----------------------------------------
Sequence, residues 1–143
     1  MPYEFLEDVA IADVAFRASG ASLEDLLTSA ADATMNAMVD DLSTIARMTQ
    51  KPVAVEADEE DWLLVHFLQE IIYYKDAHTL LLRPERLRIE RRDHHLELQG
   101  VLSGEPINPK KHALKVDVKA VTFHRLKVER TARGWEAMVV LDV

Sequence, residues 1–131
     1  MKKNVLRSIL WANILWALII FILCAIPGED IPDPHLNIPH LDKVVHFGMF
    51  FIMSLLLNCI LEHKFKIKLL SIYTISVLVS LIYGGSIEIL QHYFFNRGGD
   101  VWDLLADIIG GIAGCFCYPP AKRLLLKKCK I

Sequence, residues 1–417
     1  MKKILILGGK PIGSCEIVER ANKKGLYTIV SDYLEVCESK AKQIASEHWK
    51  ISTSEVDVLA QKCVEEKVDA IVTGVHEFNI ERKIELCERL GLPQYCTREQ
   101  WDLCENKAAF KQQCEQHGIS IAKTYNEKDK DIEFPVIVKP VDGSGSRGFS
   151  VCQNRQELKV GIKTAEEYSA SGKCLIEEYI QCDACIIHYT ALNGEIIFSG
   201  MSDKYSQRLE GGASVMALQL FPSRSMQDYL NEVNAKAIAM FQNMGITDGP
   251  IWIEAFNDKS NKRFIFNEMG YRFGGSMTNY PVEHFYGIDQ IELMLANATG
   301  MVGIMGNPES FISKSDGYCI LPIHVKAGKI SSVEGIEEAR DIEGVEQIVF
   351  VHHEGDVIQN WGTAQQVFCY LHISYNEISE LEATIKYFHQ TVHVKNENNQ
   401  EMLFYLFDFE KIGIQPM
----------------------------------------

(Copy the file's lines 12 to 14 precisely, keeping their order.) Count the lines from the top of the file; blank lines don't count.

   101  WDLCENKAAF KQQCEQHGIS IAKTYNEKDK DIEFPVIVKP VDGSGSRGFS
   151  VCQNRQELKV GIKTAEEYSA SGKCLIEEYI QCDACIIHYT ALNGEIIFSG
   201  MSDKYSQRLE GGASVMALQL FPSRSMQDYL NEVNAKAIAM FQNMGITDGP